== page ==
How to Buy a Car to Resell

by William Zane

Buying low and selling high to make a profit is something that people do every day. It can be fun finding that great deal (or even that "once-in-a-lifetime" deal) and then turning around and selling it and pocketing the extra money. It can be a risky proposition, though, and must be done right.

Look everywhere you can before settling on a car to buy. One of the best places to buy an inexpensive car that needs a little work to increase its value is online classifieds like the Craigslist car and truck section. Check the listings daily or preferably hourly and you will eventually come across a deal. Other places to look are the local newspaper classifieds, eBay and in AutoTrader.

Carefully inspect the car. The best scenario for is to find a car that needs no work but is cheap enough to simply turn around and sell. However, this is not the most common deal out there. Most cars that are cheap enough to make money on are going to need some work, so it is important to inspect the entire vehicle to make sure that you know what it is that you are buying and what kind of work it is going to need. Inspect the body and undercarriage for signs of rust (bubbles in the paint), check out the interior and look closely at the engine. If the car is driveable, test drive it to see how it drives.

Choose a car that does not need too much work. Unless you are interested in restoring a car (which can be very difficult to make any money on when you resell it) stick to cars that need minimal work to make them easy to sell for a decent price. Cars that need minor things like a new set of tires, a brake job or a tuneup are good candidates. Cars that need a rebuilt motor, paint and bodywork and a new interior may not be worth the effort.

Stick with models that are popular and easy to sell. With the high cost of gas today, an economical car like a Honda Civic might be easier to sell than a gas-guzzling dinosaur like a Hummer. Classic convertible sports cars like the Alfa Romeo Spider and classic muscle cars like the Ford Mustang are perennial favorites that are regularly sought by buyers. Just remember that the older and more specialized a car is the more potential there is for pitfalls.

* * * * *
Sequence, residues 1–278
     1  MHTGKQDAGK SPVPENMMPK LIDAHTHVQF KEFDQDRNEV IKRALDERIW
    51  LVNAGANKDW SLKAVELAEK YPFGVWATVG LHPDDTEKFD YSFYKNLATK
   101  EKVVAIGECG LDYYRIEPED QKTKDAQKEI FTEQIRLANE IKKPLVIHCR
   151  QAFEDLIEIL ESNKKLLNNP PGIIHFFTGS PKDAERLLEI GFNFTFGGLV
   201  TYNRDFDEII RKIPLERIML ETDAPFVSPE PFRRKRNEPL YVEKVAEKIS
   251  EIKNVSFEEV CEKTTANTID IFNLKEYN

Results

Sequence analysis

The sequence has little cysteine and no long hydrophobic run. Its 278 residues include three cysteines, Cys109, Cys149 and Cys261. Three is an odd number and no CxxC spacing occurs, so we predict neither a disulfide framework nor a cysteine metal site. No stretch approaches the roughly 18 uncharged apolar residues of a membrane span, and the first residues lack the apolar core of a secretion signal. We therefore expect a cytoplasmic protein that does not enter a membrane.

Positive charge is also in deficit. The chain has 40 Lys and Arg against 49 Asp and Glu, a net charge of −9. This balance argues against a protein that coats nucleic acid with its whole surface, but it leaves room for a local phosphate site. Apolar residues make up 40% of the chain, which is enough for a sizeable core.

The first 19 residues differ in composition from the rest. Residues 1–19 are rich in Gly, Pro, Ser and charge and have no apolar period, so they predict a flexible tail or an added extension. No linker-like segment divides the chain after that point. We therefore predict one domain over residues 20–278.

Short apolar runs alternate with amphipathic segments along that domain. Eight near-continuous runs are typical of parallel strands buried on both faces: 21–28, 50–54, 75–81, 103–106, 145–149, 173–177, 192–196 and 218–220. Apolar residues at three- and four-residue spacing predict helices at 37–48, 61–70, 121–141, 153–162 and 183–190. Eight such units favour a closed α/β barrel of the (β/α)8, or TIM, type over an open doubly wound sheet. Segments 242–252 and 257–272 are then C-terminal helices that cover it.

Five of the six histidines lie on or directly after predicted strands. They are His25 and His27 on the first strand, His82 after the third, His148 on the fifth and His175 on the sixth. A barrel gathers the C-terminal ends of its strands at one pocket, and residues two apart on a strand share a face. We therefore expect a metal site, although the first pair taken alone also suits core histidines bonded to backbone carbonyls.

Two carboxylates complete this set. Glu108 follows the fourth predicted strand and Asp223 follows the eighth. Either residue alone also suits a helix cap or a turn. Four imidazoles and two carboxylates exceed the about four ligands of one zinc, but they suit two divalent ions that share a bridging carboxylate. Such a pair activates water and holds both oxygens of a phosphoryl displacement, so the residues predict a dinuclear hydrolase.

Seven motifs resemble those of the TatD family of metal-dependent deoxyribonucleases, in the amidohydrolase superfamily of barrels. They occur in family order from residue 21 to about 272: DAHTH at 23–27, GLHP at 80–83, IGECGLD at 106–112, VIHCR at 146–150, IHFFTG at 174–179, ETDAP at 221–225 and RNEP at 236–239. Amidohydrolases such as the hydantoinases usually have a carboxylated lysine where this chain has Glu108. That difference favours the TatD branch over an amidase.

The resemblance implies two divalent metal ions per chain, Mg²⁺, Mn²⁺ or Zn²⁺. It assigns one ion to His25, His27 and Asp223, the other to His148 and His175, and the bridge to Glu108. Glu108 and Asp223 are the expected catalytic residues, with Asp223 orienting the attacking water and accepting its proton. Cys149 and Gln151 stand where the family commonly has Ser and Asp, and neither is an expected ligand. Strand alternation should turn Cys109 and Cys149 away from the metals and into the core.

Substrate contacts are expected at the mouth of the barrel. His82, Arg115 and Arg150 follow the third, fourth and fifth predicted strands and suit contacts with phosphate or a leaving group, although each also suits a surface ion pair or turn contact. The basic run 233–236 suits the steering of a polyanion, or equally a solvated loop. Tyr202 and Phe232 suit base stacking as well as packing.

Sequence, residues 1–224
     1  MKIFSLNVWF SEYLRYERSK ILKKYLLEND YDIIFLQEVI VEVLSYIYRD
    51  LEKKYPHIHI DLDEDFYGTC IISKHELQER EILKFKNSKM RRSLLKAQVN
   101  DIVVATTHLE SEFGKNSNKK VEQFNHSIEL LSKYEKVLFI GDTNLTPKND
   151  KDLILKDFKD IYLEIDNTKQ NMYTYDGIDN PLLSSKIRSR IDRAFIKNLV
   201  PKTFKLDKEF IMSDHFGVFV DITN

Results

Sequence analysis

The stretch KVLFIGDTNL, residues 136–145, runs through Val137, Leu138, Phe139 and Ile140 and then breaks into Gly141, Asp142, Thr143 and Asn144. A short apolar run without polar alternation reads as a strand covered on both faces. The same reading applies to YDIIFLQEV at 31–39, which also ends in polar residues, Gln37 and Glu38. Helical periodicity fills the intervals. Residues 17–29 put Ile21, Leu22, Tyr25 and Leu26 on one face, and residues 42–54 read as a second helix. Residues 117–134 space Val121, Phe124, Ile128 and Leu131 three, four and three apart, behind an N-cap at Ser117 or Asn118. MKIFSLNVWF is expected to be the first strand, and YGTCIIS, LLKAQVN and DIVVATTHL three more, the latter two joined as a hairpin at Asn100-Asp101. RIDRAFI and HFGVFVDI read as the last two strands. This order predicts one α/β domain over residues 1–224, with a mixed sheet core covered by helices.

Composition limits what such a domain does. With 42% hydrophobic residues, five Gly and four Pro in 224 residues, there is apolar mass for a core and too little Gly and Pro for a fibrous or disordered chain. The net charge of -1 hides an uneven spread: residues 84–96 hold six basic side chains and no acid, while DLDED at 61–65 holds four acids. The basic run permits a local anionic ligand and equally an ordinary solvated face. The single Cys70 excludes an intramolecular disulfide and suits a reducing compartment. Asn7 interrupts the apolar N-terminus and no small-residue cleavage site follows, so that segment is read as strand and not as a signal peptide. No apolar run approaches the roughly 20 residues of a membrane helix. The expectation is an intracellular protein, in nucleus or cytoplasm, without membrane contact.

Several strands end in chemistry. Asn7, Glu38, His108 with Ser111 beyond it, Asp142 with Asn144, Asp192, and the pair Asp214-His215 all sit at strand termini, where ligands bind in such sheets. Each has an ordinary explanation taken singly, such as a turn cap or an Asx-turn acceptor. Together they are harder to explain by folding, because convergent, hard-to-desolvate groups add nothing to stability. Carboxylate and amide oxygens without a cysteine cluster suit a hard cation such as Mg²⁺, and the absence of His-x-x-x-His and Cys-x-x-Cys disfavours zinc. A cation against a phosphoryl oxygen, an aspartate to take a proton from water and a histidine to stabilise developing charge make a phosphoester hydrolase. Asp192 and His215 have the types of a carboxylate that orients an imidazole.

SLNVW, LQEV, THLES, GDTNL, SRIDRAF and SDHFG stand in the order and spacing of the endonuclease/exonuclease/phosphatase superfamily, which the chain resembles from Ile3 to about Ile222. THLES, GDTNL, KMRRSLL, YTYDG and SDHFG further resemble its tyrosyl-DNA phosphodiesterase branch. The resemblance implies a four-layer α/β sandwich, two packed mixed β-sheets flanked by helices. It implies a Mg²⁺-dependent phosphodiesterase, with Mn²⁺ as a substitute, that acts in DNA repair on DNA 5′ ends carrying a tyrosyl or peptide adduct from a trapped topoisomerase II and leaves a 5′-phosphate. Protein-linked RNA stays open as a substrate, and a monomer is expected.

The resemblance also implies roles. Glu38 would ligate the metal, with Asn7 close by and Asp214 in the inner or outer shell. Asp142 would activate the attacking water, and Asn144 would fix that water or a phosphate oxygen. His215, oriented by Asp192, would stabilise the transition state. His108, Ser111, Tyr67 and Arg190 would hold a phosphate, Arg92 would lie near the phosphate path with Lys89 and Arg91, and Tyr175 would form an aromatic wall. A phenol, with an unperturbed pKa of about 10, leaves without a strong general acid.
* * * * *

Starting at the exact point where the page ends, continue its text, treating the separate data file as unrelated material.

Buy low. This may seem like an obvious piece of advice, but if you plan on flipping a car for profit--which is afterall the point of buying a car to sell--then you need to start by spending as little money as possible. Bargain for the best price that you can get. Start by offering the seller a lower amount of money that they probably won't accept (but try not to insult them) and then arrive at a selling price that both you and the seller are comfortable with.


About the Author

William Zane has been a freelance writer and photographer for over six years and specializes primarily in automotive-related subject matter among many other topics. He has attended the Academy of Art College in San Francisco, where he studied automotive design, and the University of New Mexico, where he studied journalism.

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  • photo_camera a car in a car show image by Gary from